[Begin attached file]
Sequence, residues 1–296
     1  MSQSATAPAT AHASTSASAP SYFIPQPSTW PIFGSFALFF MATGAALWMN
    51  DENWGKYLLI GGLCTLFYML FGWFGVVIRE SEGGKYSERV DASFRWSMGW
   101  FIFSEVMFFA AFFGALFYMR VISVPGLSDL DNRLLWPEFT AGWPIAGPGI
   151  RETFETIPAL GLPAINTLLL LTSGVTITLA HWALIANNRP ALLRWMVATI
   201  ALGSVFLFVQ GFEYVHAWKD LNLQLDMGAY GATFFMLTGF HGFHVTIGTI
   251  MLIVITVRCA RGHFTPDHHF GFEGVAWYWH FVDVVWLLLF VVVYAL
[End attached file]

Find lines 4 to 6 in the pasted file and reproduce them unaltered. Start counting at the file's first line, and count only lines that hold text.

   101  FIFSEVMFFA AFFGALFYMR VISVPGLSDL DNRLLWPEFT AGWPIAGPGI
   151  RETFETIPAL GLPAINTLLL LTSGVTITLA HWALIANNRP ALLRWMVATI
   201  ALGSVFLFVQ GFEYVHAWKD LNLQLDMGAY GATFFMLTGF HGFHVTIGTI